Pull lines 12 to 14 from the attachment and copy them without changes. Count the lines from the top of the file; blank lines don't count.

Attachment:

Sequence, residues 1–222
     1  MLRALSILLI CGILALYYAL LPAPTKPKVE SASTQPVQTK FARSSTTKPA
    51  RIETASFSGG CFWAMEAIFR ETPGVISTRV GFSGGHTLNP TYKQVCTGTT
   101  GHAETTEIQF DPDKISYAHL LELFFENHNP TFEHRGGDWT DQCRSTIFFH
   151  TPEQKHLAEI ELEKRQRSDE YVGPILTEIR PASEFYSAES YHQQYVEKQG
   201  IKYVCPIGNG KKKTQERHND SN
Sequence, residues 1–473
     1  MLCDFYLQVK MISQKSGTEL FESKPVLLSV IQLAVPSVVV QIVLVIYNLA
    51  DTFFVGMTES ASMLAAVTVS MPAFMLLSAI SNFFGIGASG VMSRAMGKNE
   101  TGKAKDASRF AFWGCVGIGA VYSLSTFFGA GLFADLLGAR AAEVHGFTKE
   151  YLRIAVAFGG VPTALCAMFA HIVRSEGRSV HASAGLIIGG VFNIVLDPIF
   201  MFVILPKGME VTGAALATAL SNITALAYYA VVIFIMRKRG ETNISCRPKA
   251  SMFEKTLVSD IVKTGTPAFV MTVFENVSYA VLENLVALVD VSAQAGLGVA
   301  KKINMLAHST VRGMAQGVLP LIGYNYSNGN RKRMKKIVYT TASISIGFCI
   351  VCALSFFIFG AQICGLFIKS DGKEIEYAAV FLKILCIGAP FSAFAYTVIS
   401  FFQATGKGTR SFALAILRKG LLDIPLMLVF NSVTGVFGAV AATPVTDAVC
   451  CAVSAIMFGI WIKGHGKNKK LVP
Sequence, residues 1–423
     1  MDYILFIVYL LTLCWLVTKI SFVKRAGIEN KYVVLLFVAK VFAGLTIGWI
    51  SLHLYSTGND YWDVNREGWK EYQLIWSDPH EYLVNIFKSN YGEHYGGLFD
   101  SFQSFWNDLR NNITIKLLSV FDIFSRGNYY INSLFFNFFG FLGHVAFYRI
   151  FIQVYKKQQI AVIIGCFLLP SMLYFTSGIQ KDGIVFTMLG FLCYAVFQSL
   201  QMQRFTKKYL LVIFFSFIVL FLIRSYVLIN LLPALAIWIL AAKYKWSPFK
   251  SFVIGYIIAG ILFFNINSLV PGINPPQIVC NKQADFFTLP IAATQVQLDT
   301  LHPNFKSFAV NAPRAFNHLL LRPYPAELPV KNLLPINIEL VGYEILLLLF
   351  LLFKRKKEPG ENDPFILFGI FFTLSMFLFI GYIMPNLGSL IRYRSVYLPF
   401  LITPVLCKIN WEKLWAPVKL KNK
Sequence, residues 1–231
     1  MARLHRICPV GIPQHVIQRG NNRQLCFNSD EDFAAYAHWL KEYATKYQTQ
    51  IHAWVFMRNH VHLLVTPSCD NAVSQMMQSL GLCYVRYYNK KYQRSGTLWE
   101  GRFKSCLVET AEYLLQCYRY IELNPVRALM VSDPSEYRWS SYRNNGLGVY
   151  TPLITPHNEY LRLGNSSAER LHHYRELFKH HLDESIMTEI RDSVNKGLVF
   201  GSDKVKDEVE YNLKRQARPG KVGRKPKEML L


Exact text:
   201  MFVILPKGME VTGAALATAL SNITALAYYA VVIFIMRKRG ETNISCRPKA
   251  SMFEKTLVSD IVKTGTPAFV MTVFENVSYA VLENLVALVD VSAQAGLGVA
   301  KKINMLAHST VRGMAQGVLP LIGYNYSNGN RKRMKKIVYT TASISIGFCI